When the FSCS levy breaks
A few weeks ago, at an industry drinks do, I was accosted by a slightly drunk and belligerent occasional acquaintance. Having received one or two emails from him before, I am aware he is not my greatest fan.
He was determined to prove that most of what we scribes write is rubbish, for which trees are cut down. His thesis was that journalists are responsible for a significant part of global warming.
I made my excuses and disappeared, although not before replying that - as far as I could recall - for every tree cut down to make paper, five new ones are planted.
I was left replaying that brief conversation after reading the comments by Investment Management Association chairman Douglas Ferrans at the IMA chairman’s dinner, in which he warned that failure to reform the Financial Services Compensation Scheme could end up damaging the UK’s competitiveness as a base for international fund management businesses.
Ferrans’ remarks pointed out the scale of failures were on a level not seen since the Barlow Clowes’ debacle in 1988, when the Government was forced to offer a £150m lifeboat to compensate victims.
If there is one subject where reporting has led to many trees being cut down, it is probably that of the FSCS and its interim levy in the wake of the collapse of Keydata and a number of other financial firms.
Still, Ferrans’ anger and that of IMA members is understandable. Fund managers have paid £233m out of the £326m interim FSCS levy raised mainly to cover the cost of compensating Keydata investors. Advisers have been forced to stump up the remaining £93m.
In the past three years, failures of investment firms have cost the financial services industry almost £500m in compensation, Ferrans told his audience.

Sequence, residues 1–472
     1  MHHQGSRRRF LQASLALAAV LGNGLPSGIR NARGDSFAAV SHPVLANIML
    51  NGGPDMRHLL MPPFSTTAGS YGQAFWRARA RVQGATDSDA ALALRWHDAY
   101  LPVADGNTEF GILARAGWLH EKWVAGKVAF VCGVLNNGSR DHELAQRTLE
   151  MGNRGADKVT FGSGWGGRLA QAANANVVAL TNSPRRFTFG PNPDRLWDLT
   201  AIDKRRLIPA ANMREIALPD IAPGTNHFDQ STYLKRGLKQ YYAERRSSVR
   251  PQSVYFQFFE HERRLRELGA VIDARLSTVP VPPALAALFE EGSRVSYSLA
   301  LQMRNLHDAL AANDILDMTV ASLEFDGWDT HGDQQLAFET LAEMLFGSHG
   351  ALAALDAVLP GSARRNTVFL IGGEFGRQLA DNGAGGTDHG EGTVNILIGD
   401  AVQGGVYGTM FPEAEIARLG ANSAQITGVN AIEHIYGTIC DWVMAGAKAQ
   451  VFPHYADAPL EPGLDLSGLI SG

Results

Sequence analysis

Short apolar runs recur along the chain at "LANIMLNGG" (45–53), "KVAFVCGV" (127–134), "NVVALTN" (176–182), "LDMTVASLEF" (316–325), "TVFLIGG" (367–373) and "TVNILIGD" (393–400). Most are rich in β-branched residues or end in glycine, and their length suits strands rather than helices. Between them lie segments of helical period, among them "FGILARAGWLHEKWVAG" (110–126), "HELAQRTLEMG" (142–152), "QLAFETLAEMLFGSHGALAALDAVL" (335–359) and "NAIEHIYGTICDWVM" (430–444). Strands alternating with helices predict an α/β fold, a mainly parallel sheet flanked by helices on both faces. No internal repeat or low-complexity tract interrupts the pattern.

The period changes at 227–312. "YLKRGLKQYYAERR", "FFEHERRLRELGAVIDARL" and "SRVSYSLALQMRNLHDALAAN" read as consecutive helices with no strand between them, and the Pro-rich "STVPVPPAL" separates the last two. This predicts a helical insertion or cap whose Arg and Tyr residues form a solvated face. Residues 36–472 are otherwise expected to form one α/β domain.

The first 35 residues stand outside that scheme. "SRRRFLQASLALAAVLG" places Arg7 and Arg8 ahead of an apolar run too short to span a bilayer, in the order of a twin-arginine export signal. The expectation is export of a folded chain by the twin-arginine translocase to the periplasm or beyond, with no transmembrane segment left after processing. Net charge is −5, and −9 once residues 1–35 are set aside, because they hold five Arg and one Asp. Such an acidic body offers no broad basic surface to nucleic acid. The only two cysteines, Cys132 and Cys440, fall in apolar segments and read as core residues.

“There is a need for these events to be the subject of an independent review and for lessons to be learned,” he said.
As ever, the majority of the industry is being forced to pay for the irresponsible actions of a minority. After all, if you were Brewin Dolphin and had to shell out £6.1m, £2.6m in the case of Charles Stanley, or £3.6m in the case of Rathbone Brothers, you would be rather livid too.
Despite these figures, of the striking things about this whole issue is the way such an enormous bill has largely been swallowed by the industry - even those sectors that believe they should never have paid it in the first place.
Part of the reason, I suspect, is that many believe the collapse of these companies in swift succession with such massive liabilities was a unique and never to be repeated event.
That is what I have been told by one person I spoke to a few months ago when discussing the inordinate delays in the FSCS review. If you accept this scenario, it simply means the FSCS received stress-testing to an incredible level, from which it emerged resilient, with its systems still in place.
More significantly, after a lot of grumbling, each constituency within the FSCS also did its duty and paid up, albeit with bad grace. Therefore, there is no rush to do anything too swiftly, as there won’t be another demand on the industry to fund a similar compensation call.
I’m not convinced by this argument. Systemic collapses of the type we have seen recently, while impossible to predict in their scale or timing, are a by-product of poor regulation and an inadequate compensation funding mechanism.
Failing to address these two key issues makes it probable that if and when it happens again, the industry will not swallow the bill with anything like the degree of composure that many key players have showed in the past two or three years.
I do not believe even Aifa would relish repeating its mantra to infuriated members that quiet diplomacy is the way forward. I would foresee a mass refusal to pay, not just by IFAs but some of the bigger players, including IMA members, and the collapse of the FSCS as a compensation fund of last resort.
Lest any IFA be cheering at the prospect of such an outcome, it should be understood that one corollary of an FSCS review, whenever it happens, will be a demand for much tougher regulation of the industry, primarily in the form of swifter and harsher intervention of the FSA if it believes a firm is stepping out of line.
Still, if it saves advisers from having to fork out tens of millions of pounds unnecessarily, what’s not to like?
Nic Cicutti can be contacted at email@example.com